As the title of this album suggests, singer/songwriter Bow Thayer is an eclectic sort, shifting from strummy folk to darker-edged moody indie roots music. His occasional banjo and producer/engineer Dave Rizzuti's pedal steel bring in the backwoods influences, yet Maintenance for Mood Swings is far from a country album. Rather Thayer is a smart, literate folk-rocker who is capable of shifting gears within his genre, making this a varied project that takes a few spins to connect. His melancholy voice is well-suited to songs that generally stray down the dark end of the street. The disc starts promisingly with two of its finest pieces. Both "Tuck and Roll" and "Crow Flies" recall the music of Morphine and the Twinemen, helped enormously on the former tune by their mainstay Dana Colley's baritone sax. Thayer moves into bluegrass mode with added fiddle, dobro, and mandolin on the twangy "Fixit Shop," but even the pickin' and grinnin' can't hide this track's somber side. While on the surface there is little to distinguish Thayer from dozens of other artists who clutter the Americana field, his songs show promise to break free of the pack. "Edge of Flight" adds percussion and trumpet as it picks up intensity with Rizzuti's soaring guitar that propels the track as it revs up. "Lori Lynn" is a twangy rocker that shows he can kick out the jams when needed. There are hints of Buffalo Springfield in that band's quieter moments that kickstarted the country-rock genre, and like Springfield, Thayer smartly avoids falling into clichés that litter the field. He hasn't hit a home run here, but as a rookie, he's got the potential to be a star player, and this is an impressive start.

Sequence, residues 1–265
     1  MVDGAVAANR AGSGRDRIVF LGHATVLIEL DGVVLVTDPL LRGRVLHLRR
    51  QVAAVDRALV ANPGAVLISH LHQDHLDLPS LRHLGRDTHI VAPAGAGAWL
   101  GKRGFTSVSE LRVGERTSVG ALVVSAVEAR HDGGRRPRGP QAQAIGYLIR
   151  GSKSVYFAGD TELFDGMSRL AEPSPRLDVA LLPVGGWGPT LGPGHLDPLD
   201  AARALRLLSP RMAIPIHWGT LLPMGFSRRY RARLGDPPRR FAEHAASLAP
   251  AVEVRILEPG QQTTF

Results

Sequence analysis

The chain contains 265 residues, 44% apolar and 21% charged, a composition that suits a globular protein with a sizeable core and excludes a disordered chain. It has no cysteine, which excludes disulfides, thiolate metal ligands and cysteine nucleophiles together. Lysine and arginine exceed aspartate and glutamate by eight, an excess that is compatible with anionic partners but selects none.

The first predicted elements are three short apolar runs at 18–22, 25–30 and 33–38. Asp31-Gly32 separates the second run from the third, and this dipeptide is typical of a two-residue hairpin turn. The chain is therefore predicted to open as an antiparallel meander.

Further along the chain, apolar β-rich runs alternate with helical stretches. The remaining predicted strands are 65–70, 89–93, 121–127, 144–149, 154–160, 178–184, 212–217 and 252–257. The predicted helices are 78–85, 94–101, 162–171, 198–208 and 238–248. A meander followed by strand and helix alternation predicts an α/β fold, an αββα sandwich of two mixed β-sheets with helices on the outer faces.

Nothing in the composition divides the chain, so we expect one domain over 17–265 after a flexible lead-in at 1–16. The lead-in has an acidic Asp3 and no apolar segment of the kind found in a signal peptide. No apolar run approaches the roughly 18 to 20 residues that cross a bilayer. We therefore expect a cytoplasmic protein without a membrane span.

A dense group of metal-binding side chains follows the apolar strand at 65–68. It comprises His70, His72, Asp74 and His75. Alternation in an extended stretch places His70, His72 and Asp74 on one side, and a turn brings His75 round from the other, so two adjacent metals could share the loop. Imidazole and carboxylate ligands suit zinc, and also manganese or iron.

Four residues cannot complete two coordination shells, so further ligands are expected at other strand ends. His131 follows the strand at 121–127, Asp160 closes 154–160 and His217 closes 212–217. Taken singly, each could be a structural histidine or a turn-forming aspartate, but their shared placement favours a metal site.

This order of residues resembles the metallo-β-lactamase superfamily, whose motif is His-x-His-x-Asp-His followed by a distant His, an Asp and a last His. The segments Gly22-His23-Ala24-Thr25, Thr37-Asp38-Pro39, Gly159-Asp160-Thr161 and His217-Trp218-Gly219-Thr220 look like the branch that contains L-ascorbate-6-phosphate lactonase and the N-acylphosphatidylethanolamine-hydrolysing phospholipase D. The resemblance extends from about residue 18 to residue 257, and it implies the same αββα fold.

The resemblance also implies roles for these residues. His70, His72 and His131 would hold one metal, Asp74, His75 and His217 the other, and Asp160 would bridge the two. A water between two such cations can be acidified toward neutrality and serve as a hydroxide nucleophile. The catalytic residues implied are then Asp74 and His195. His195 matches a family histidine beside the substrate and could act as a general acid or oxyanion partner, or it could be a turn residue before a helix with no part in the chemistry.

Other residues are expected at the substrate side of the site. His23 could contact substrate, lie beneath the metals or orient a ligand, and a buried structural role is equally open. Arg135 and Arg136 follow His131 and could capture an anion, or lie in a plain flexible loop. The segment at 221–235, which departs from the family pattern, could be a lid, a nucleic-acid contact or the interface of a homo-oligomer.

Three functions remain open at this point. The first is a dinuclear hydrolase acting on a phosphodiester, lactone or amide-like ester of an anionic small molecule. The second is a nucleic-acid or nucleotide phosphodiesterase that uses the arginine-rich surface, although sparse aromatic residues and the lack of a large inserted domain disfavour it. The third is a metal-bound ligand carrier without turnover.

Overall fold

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AllMusic Review by Hal Horowitz